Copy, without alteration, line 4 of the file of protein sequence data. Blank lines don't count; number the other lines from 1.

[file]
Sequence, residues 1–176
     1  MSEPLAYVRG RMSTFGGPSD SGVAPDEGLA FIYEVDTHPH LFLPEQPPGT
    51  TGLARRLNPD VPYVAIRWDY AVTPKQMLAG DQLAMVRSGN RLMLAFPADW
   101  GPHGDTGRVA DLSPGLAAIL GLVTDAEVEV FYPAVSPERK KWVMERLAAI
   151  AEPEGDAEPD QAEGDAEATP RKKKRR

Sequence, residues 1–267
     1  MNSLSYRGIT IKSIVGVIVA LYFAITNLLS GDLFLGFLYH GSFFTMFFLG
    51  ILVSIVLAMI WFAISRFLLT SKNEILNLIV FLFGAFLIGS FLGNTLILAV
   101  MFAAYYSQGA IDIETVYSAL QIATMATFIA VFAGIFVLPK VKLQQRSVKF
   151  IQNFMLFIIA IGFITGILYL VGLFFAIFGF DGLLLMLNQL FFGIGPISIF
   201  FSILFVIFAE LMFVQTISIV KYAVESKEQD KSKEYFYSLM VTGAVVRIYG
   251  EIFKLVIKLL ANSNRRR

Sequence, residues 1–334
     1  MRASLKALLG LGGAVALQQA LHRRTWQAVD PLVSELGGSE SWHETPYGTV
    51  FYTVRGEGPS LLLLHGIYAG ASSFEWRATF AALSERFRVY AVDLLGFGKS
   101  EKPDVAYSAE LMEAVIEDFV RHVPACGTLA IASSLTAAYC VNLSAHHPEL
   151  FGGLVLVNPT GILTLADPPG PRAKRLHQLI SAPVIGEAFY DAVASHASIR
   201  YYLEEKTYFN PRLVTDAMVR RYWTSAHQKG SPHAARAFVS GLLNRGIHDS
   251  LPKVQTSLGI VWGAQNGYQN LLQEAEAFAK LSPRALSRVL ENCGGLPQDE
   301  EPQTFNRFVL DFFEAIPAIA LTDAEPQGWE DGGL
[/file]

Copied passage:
   101  GPHGDTGRVA DLSPGLAAIL GLVTDAEVEV FYPAVSPERK KWVMERLAAI